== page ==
The Thais appeared out of nowhere, two of them, sat beside us in the sand. The sun, breeze and salt water dehydration drove us up into the trees to sit in the shade and drink coconut milk

Sante, “peace” in Thai, and Anothai, hacked some coconuts open, we all drank. Joyce liked the mature yellow coconuts, I preferred the yellowish brown ones, older. Some people liked the young, green coconuts, no one ate the old, brown ones.

Anothai, tall, well developed above the waist, skinny below, challenged me as we sat. He was dark skinned, full of energy, knew English because he worked for the Americans who were stationed there.

I was forced to respond to his pushing me, using me for a Thai boxing punching bag. The kids in Thailand knew Thai boxing like Canadian kids knew hockey. It was their national sport, on tv all the time. He flopped out some lazy jabs, then surprised me with combinations of whirling knee kicks and high kicks. Most of them landed on my shoulders and upper arms.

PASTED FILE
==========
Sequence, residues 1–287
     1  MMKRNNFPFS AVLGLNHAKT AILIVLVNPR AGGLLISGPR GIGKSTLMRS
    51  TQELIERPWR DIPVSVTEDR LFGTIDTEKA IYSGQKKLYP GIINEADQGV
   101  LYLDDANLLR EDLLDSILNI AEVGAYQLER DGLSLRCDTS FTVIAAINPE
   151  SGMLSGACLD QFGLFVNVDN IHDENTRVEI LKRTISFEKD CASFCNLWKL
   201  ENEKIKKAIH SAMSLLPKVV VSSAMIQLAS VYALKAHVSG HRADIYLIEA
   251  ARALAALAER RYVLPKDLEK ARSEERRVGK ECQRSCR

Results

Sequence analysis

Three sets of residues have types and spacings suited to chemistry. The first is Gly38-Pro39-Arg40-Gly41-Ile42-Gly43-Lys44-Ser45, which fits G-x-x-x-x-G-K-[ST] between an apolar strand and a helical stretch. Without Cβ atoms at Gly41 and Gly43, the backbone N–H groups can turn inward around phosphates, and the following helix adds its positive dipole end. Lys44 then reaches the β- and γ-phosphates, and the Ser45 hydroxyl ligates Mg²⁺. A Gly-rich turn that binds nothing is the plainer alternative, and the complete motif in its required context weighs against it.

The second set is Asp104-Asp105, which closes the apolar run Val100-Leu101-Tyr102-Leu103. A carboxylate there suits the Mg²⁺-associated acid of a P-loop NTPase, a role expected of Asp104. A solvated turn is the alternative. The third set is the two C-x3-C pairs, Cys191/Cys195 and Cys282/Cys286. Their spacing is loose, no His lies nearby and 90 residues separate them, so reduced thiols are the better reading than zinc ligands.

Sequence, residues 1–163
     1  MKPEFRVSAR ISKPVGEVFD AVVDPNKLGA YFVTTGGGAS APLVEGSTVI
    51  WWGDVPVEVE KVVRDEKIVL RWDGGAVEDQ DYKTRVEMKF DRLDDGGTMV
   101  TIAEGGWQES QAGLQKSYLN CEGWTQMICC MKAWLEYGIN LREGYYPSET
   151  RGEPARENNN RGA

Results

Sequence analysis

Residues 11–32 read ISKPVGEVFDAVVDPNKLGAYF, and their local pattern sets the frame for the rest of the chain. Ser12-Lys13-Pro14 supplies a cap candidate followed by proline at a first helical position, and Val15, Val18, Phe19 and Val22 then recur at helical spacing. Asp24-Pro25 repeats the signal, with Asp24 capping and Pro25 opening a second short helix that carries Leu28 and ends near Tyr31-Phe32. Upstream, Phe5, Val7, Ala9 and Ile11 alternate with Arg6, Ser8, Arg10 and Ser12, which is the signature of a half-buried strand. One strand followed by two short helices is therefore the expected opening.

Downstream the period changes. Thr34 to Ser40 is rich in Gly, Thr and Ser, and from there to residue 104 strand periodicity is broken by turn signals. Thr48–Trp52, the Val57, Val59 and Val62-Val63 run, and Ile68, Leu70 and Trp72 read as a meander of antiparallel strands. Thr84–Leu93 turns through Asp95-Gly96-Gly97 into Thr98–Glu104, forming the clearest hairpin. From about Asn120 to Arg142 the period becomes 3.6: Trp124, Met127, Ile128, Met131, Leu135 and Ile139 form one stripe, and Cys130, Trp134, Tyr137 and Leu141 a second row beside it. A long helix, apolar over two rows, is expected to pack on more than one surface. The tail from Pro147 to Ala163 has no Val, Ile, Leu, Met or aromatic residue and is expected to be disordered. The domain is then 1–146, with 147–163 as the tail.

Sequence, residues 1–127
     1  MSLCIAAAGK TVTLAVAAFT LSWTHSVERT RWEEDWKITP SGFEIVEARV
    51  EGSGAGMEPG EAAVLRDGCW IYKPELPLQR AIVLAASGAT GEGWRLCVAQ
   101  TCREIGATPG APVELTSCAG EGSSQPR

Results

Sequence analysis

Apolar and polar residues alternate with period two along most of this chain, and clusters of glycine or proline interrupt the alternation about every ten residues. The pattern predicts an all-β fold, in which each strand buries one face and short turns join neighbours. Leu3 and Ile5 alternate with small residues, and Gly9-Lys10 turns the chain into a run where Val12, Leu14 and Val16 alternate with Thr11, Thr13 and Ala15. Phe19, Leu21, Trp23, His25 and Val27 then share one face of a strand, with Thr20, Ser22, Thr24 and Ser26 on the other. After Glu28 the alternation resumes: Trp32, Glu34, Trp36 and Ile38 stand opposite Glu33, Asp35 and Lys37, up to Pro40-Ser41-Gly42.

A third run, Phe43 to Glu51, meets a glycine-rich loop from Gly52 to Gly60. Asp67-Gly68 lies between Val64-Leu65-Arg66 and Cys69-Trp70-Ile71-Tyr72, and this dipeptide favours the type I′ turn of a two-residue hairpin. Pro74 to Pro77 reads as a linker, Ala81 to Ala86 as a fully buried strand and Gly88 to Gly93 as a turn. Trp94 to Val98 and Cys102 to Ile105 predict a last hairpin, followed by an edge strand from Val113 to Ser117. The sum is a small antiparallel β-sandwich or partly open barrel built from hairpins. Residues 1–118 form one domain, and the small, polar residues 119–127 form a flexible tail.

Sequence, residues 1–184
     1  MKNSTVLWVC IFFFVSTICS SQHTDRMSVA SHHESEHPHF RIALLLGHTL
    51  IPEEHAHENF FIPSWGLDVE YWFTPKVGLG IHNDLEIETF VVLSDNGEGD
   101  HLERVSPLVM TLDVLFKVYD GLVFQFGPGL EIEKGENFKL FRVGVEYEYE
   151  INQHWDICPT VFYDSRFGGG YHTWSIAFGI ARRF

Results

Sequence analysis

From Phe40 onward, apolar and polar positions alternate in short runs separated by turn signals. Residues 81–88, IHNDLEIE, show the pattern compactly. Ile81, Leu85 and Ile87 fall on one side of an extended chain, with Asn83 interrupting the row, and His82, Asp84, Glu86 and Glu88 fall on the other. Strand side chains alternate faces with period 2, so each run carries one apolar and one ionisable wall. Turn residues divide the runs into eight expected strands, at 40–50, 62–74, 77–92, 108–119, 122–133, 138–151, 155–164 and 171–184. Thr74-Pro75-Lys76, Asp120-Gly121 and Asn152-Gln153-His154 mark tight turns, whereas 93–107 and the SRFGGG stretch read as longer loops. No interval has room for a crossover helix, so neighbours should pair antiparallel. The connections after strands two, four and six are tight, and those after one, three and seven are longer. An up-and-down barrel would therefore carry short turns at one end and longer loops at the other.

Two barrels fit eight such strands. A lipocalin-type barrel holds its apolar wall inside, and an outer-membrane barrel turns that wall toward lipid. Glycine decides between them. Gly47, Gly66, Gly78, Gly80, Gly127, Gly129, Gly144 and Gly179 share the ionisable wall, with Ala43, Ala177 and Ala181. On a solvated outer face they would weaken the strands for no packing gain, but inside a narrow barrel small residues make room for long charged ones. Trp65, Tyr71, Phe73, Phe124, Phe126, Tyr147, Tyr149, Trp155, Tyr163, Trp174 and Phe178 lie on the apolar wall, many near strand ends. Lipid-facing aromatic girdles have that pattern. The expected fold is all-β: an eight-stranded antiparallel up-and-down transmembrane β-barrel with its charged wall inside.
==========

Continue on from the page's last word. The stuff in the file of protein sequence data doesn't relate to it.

My rudimentary karate training bluffed Anothai into giving up after a long sparring session. Sante and Joyce watched with forced smiles until we mutually backed off. I made sure our hatchet was in plain view in our pack when Anothai flourished his curved coconut knife.

Sante said that he was educated in Bangkok, taught school on Ko Samui, but decided to give it all up and grow coconuts instead.

We sat in the sand facing the beach, comfortable in the shade and the breeze. Sante and I talked of education, work, money, our respective countries, considered religion and meditation.

Sante exclaimed

“Ah, not think!”


He demonstrated by sitting up straight, looking ahead with eyes closed, pointing with his index finger from the middle of his forehead to the horizon. He wore an intense expression of concentration and made no sound until he was finished.

He said that meditation was taken for granted in Asia, everyone knew how to meditate. It was simply the emptying of the mind, the absence of thought.